Blame CARICOM for EPA failures, says Inniss
The Caribbean Community (CARICOM) must take some responsibility for the failure of Barbadian and regional businesses to take advantage of the Economic Partnership Agreement (EPA), says Minister of International Business, Industry, Commerce and Small Business Development Donville Inniss.
Inniss this week told a trade forum at the Radisson Aquatica Resort it was CARICOM’s fault that there had not been a strong enough regional mechanism to help Caribbean companies to get more of their products and services into Europe under the EPA, which was signed back in October 2008 to create a free trade area between the European Union (EU) and the African, Caribbean and Pacific group of countries.
At the same time, he called on the local private sector to stop complaining and start being more proactive and “outward looking”.
Inniss, who was highlighting a number of areas where improvements were needed in order for businesses here to enjoy greater benefits from the EPA, also appealed for the relevant legislative changes necessary to help resolve some of the challenges.
“CARICOM really needs to be strengthened. I will be bold to say one of the inherent weaknesses in striving forward with the Economic Partnership Agreement has been because we have not had a strong regional mechanism to make it work. After you go and negotiate this EPA . . . a lot of the challenges that we face in rolling forward and really making things happen can really be placed at the feet of our regional institutions tasked with keeping the momentum going,” Inniss told those gathered for the talks themed, Beyond the Border: A Practical Approach to Economic Sustainability
and which examined the potential impact on the trade agreement of Britain’s exit from the EU.
“Domestically we have our challenges, but I have seen too often at the CARICOM and CARIFORUM [CARICOM and the Dominican Republic] level where we spend too much time whining and complaining and quarrelling about the EU and what the EU hasn’t done. They have provided us simply . . . with an opportunity that I don’t think at the regional level we have grabbed hold of enough.”
He said regional institutions that had the capacity to assist the businesses to take advantage of the trade agreement needed to adopt a more “laser like” approach.
Inniss said there was also need for more accurate and timely statistics to help inform some decisions, improvement in the preparation of business proposals and improved competitiveness.
Tariff barriers in some French territories in the region also need to be addressed, the local politician said.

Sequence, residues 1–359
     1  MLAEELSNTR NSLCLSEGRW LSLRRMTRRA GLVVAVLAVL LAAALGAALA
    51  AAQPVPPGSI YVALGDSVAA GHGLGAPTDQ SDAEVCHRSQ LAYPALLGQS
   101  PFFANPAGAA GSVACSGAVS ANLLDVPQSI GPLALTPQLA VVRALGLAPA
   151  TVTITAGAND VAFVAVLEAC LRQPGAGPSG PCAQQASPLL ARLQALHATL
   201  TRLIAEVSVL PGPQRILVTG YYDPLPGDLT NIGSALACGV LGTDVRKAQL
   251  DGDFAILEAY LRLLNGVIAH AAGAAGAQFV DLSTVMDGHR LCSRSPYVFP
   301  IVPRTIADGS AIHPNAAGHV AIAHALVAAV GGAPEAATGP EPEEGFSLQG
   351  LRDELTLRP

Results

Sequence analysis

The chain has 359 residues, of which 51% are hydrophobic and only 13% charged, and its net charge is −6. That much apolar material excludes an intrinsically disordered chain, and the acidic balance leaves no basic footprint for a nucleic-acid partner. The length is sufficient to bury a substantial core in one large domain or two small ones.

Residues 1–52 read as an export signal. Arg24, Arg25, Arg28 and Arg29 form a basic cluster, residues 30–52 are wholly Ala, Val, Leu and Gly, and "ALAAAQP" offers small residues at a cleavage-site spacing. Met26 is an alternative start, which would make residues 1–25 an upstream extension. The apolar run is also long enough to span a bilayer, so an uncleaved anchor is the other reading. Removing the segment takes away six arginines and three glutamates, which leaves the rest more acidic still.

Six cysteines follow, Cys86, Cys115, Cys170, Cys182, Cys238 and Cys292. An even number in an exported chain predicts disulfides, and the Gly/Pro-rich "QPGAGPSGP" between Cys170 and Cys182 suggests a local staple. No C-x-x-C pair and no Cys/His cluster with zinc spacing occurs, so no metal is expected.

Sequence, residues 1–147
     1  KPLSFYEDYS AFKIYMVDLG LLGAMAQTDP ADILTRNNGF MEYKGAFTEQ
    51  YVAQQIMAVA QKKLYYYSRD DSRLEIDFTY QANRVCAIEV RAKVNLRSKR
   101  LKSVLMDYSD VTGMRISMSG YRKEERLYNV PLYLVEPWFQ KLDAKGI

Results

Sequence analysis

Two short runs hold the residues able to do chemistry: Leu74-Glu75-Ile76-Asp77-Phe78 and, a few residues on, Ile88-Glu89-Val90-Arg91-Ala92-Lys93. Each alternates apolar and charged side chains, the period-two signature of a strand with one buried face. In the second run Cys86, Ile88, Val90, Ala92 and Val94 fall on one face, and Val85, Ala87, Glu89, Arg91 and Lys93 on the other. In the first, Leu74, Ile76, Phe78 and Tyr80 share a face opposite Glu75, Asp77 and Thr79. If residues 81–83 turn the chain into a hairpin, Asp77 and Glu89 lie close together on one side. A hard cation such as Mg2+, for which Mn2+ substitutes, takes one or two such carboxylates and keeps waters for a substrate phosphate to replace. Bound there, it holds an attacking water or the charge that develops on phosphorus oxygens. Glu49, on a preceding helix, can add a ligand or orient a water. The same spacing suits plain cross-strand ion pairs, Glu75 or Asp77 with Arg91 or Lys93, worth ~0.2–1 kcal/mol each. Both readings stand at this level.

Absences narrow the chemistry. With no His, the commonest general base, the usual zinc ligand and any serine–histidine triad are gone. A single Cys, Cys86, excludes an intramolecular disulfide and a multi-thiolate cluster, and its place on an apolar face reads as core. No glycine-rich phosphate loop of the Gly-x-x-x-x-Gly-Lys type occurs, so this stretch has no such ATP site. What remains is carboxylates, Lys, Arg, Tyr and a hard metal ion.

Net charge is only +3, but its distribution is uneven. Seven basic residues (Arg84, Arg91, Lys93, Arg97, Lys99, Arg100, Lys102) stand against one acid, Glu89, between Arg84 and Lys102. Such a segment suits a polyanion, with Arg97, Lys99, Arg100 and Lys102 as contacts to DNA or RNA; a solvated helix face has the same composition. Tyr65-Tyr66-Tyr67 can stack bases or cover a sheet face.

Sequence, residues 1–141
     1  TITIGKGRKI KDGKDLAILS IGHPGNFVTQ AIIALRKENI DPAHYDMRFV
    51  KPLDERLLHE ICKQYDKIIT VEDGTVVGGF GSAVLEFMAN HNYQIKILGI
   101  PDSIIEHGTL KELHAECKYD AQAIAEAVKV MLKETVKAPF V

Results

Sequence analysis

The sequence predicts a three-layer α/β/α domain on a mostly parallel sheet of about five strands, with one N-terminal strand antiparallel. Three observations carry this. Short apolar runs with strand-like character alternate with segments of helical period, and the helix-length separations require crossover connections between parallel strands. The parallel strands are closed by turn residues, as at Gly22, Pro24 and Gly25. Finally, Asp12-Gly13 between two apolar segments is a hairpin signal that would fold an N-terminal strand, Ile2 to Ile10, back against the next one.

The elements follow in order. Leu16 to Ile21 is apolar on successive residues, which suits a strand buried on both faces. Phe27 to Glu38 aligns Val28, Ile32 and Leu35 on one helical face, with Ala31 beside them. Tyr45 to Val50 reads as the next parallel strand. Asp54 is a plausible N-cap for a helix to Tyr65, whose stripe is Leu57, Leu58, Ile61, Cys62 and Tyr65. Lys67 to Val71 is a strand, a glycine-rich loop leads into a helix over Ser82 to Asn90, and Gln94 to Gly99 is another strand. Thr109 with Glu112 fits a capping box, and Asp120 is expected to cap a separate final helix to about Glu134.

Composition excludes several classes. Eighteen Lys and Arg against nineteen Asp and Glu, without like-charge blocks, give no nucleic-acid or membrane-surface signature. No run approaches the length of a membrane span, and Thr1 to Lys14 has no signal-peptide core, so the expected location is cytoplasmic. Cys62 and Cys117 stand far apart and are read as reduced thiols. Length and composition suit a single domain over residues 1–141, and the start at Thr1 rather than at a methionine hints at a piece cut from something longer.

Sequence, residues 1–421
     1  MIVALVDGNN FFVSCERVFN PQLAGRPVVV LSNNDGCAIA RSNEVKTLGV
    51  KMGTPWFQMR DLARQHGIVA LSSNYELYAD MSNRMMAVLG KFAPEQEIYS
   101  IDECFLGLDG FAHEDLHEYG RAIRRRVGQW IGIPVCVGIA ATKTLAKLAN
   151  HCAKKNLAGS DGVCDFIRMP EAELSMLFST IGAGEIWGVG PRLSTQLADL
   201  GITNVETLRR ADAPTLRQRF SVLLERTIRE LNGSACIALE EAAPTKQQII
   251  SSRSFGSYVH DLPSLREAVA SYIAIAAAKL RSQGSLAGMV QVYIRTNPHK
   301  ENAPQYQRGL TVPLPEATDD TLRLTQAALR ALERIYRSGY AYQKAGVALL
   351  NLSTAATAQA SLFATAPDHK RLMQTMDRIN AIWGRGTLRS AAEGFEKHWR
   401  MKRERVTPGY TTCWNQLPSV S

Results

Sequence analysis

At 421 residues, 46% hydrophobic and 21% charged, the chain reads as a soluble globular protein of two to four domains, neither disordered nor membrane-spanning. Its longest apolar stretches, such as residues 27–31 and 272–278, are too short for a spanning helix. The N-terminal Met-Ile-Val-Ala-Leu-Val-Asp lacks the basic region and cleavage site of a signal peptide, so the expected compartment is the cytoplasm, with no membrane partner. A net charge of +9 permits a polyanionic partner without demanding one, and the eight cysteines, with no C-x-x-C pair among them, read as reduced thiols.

Inniss said it was critical that the region push ahead with trade talks with the United Kingdom in order to safeguard any existing agreements and forge new ones for the post Brexit era.
“The truth of the matter is we have to be selfish, we have to look out for what is in our best interest,” added Inniss, who said London was “even more eager to embrace us in Barbados and the Caribbean”.
“But they are not going to do it unless we also get up and feel that we want to embrace them. We must stop sitting down here in the sunny islands of the Caribbean complaining and expecting manna to drop from heaven. It is not going to happen. So while the British government is working on their own challenges with the EU over the next couple of years, I say, let us get into London city and remind them that we are their friends and we want to continue doing business and do more business in the UK market and likewise with our friends in the EU,” he said.
Zeroing in on the Barbados market, Inniss said it was about time the private sector stop complaining and start being more proactive in identifying and taking advantage of global trade opportunities.
“I feel saddened whenever I know that we spend thousands and thousands of taxpayers’ dollars out there negotiating trade agreements and then they sit on a file somewhere in an office, that our private sector is not seeking to grab hold of the opportunities. What I can tell you what they are very good at doing is coming in and complaining when they feel that somebody is ‘coming into our space’ and that is when they come and say, ‘minister, you need to carry up the rates of duties’ . . . or ‘minister, we need to have other protectionist measures’. I say no, we have to learn to compete in the international arena. Nobody owes us any favour,” Inniss said.